Nonlinear Adaptive Droop Control Method for the Battery Storage Systems Operating in DC Microgrids
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Conventional sources of energy like coal, gas, and oil are being depleted and renewable sources of energy are needed to meet ever-increasing energy demands. Renewable Energy Sources (RESs) like solar and wind can be potentially harnessed, however, high penetration of the RESs will introduce new challenges for the safe operation and control of future grids. To solve this problem, microgrids (MG) can be used to coordinate distributed energy resources in a decentralized fashion in order to ensure the reliability and efficiency of the local distribution network. Recently, there has been a great increase in the number of DC sources and loads leading to a need to develop DC MGs, which are more efficient and less costly. Despite the benefits of DC MGs, there are some challenges that need to be addressed in order to take full advantage of DC MGs and ensure the safe operation of the system under all operating conditions. This thesis proposes a decentralized control solution for energy storage systems (ESSs) in islanded DC MGs, namely a nonlinear adaptive droop controller. In the islanded mode of operation, the tight regulation of the DC-bus voltage is very challenging. The proposed decentralized control technique utilizes a nonlinear adaptive droop profile with adaptive parameters, which are able to regulate the DC-bus voltage tightly during various changes in loads/sources within a DC MG. The proposed controller does not need to identify between the charge and discharge operation modes. The adaptive control parameters can be determined by using three different strategies. In the first strategy, only one of two adaptive parameters in each mode of operation (charge and discharge modes) is unknown, which is determined from a look-up table. In the second strategy, a nonlinear Sequential Quadratic Programming (SQP) optimization technique is employed to derive the adaptive parameters. The proposed technique adaptively regulates the controller parameters according to the battery’s SoC and the DC MG voltage. In the third strategy, the fast charge and discharge voltages are assumed to be known. In this approach another droop controller, which is called the speed-droop controller derives the unknown parameters. The stability of the proposed control schemes is proven in this thesis, and the validity of the proposed schemes is proven through simulation and experimental results.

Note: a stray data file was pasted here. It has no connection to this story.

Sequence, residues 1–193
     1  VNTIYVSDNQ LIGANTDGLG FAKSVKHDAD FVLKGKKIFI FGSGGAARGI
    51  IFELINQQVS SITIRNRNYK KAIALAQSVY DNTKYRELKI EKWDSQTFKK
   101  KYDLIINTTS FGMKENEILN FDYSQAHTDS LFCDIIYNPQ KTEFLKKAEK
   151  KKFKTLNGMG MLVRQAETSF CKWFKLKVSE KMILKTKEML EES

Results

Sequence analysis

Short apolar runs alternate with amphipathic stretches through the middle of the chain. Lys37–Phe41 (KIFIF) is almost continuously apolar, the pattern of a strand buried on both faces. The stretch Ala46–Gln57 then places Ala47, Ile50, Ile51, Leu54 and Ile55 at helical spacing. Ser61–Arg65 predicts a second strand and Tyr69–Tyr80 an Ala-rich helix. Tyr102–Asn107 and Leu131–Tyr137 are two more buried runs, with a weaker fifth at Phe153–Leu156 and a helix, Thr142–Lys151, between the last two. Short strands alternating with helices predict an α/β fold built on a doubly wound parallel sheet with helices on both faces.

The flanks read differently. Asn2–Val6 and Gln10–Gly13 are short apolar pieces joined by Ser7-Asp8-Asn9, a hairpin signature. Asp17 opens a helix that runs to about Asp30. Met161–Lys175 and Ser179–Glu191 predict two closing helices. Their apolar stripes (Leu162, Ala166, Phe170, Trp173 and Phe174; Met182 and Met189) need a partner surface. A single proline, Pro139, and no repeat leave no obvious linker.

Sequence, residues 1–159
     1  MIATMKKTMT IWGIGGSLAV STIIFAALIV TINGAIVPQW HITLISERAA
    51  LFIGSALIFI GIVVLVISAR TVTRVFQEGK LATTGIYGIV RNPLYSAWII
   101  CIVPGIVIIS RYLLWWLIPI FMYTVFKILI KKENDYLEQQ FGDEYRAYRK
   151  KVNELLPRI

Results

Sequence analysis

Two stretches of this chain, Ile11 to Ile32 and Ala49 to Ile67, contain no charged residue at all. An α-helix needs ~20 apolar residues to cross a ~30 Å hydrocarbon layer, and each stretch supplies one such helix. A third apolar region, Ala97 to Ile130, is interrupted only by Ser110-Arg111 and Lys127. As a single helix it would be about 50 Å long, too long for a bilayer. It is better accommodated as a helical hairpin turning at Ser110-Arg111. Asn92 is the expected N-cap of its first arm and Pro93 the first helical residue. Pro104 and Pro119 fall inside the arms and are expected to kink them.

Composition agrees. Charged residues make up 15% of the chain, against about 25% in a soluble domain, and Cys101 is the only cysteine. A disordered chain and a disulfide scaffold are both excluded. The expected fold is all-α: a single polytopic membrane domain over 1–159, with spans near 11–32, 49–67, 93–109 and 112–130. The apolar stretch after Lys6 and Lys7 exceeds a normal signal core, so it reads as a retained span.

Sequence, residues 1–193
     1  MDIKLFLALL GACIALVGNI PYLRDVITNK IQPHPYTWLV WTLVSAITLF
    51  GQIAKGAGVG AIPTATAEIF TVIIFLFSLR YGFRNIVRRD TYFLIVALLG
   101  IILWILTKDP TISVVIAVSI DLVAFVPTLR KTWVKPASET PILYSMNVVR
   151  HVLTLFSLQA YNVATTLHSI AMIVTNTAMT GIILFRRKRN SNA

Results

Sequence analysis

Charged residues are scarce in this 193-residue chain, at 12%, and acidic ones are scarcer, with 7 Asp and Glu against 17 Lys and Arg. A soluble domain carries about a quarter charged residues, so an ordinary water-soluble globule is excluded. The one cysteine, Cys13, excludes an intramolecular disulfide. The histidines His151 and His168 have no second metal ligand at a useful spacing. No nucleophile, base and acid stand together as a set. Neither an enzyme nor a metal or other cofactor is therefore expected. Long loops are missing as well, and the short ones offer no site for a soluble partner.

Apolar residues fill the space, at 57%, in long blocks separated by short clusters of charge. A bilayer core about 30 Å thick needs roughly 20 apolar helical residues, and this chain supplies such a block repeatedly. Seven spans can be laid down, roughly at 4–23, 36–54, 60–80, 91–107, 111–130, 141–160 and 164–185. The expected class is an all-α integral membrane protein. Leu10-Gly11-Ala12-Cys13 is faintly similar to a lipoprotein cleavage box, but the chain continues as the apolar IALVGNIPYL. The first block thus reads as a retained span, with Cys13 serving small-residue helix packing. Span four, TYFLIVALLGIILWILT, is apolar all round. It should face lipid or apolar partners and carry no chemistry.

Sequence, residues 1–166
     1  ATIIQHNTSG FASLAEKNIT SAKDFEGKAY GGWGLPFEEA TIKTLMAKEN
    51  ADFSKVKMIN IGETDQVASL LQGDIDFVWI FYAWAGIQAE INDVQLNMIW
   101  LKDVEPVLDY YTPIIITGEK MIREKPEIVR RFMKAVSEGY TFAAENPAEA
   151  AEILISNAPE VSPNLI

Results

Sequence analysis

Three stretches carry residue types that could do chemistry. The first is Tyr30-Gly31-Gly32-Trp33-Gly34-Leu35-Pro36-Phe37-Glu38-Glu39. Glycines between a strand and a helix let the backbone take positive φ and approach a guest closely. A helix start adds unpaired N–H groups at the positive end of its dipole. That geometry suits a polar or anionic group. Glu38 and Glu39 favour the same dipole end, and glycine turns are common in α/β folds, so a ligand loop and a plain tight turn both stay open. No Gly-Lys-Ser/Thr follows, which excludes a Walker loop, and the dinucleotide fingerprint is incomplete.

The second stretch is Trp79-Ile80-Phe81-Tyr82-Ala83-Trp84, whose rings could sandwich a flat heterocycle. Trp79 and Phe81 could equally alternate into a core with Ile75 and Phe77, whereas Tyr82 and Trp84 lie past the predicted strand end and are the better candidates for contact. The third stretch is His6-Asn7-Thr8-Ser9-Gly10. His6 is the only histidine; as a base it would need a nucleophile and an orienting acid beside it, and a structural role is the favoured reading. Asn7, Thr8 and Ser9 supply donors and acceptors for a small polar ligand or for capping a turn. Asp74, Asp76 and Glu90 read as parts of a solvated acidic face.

URI for this recordhttp://hdl.handle.net/1974/25936
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